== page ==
It's good to read widely.

Sunday, April 26, 2015

Armen Alchian, Golf, High Status Jobs, and Longevity [Also, Paper: "Vertical Integration, Appropriable Rents, and the Competitive Contracting Process"]

The paper is "Vertical Integration, Appropriable Rents, and the Competitive Contracting Process" [pdf] and it has some good thoughts about contracting between (or vertical integration of) oil producers, pipelines, and refineries; or of coal mines and power plants.

Appropriable quasi rents exist in specialized assets of oil refineries, pipelines, and oil fields. This leads to common ownership to remove the incentive for individuals to attempt to capture the rents of assets owned by someone else.

Suppose several oil wells are located along a separately owned pipeline that leads to a cluster of independently owned refineries with no alternative crude supply at comparable cost. Once all the assets are in place (the wells drilled and the pipeline and refineries constructed) the oil-producing properties and the refineries are specialized to the pipeline. The portion of their value above the value to the best alternative user is an appropriable specialized quasi rent. The extent of the appropriable quasi rent is limited, in part, by the costs of entry to a potential parallel pipeline developer. Since pipelines between particular oil-producing properties and particular refineries are essentially natural monopolies, the existing pipeline owner may have a significant degree of market power.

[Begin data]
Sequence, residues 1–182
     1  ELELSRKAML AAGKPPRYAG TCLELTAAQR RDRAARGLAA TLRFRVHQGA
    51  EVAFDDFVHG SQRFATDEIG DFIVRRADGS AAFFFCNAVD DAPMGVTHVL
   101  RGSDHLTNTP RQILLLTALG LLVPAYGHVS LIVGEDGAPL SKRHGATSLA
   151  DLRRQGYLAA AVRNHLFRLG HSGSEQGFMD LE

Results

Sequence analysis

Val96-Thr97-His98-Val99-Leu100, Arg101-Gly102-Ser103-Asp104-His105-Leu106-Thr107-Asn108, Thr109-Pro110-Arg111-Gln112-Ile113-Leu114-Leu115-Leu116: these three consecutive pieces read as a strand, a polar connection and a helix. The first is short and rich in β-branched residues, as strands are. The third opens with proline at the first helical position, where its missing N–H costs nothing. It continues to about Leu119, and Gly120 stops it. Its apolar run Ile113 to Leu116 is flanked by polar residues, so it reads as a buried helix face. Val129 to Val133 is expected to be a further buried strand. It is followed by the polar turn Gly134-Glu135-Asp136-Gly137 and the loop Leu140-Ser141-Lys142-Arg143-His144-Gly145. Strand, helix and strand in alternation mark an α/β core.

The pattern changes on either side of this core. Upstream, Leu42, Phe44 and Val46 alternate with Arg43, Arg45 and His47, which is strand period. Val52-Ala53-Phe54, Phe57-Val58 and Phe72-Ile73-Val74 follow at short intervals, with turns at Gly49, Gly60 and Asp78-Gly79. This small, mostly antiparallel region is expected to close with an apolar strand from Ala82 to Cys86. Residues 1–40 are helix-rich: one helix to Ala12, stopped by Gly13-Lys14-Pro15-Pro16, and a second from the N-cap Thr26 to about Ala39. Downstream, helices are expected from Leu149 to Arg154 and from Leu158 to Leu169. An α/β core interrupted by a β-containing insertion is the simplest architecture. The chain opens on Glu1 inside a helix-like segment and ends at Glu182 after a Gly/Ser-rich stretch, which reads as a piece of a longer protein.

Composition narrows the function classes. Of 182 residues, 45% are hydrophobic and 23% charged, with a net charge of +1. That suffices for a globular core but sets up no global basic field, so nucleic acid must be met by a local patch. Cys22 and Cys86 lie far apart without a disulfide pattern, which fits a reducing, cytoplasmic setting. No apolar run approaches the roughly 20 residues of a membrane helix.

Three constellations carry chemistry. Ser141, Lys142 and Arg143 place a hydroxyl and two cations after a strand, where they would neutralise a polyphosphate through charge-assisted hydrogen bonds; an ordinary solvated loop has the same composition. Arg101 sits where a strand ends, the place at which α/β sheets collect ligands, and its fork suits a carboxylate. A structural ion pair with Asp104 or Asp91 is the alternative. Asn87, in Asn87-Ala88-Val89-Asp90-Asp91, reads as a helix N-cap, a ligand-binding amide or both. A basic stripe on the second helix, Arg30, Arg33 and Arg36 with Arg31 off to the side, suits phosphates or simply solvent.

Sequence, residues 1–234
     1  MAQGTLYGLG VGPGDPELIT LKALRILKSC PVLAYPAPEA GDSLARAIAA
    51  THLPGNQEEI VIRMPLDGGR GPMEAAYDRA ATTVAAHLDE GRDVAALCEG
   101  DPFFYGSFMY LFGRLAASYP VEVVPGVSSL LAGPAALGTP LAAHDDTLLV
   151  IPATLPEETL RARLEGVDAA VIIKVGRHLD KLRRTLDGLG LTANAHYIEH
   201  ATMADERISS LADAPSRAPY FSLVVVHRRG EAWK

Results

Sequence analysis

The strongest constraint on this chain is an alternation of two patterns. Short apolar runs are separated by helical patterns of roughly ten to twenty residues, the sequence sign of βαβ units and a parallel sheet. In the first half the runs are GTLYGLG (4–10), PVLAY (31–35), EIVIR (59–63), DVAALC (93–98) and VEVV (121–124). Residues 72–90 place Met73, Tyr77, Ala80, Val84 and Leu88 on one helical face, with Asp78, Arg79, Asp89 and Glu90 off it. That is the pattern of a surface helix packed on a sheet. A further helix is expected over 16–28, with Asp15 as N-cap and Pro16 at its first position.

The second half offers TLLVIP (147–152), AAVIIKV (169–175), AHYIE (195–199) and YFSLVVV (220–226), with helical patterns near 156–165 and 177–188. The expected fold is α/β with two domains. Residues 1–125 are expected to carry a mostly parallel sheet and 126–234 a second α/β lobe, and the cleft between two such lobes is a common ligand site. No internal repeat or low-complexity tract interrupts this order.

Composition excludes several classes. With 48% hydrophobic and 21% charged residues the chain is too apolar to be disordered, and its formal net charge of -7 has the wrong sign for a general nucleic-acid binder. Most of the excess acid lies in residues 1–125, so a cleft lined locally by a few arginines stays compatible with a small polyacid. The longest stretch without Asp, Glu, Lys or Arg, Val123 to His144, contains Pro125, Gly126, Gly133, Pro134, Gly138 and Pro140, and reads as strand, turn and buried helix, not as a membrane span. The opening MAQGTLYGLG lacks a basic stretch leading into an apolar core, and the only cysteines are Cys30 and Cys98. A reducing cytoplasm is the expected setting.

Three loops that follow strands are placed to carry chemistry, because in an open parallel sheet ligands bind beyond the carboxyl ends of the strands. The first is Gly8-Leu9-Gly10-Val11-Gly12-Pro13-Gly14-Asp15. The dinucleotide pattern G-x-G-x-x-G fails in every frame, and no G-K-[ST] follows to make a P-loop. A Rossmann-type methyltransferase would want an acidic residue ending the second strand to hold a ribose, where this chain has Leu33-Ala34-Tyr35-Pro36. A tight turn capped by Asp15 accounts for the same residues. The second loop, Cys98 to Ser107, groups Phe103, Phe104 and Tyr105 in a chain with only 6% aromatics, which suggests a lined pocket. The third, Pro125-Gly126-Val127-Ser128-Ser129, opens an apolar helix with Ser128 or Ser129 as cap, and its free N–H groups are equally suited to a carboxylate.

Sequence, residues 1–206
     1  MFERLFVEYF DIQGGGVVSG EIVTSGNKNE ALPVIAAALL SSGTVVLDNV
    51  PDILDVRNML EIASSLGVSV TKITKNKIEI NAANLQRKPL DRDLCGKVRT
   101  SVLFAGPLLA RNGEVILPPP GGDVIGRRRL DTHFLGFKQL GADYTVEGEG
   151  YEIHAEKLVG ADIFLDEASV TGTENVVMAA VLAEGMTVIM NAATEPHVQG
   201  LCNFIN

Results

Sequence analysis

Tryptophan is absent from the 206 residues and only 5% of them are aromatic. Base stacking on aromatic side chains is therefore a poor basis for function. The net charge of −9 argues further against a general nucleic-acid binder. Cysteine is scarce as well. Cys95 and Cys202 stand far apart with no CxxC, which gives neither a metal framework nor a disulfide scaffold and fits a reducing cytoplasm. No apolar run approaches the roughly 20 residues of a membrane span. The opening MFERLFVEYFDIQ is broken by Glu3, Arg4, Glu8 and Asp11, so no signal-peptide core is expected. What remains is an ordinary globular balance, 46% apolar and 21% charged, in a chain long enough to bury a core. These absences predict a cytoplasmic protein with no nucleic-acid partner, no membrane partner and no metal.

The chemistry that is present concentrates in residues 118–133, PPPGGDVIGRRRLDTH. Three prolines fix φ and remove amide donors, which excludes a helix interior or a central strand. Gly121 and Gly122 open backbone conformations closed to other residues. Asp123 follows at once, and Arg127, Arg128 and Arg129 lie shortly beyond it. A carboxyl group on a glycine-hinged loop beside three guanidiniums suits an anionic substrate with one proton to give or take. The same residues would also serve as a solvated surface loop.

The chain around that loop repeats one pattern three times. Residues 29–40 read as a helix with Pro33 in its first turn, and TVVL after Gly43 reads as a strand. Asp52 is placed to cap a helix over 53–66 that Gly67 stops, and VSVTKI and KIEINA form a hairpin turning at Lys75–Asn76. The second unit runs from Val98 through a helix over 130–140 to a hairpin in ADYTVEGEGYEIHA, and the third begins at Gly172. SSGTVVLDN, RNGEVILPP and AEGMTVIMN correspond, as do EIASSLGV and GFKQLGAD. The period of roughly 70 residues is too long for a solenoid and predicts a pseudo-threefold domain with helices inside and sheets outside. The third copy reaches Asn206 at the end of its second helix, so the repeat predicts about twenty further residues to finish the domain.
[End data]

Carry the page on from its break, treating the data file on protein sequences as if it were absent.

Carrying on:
These specialized producing and refining assets are therefore "hostage" to the pipeline owner. At the "gathering end" of the pipeline, the monopsonist pipeline could and would purchase all its oil at the same well-head price regardless of the distance of the well from the refinery. This price could be as low as the marginal cost of getting oil out of the ground (or its reservation value for future use, if higher) and might not generate a return to the oil-well owner sufficient to recoup the initial investment of exploration and drilling.
Some other good examples, including mine-mouth coal plants, or specialized dies for auto manufacturers.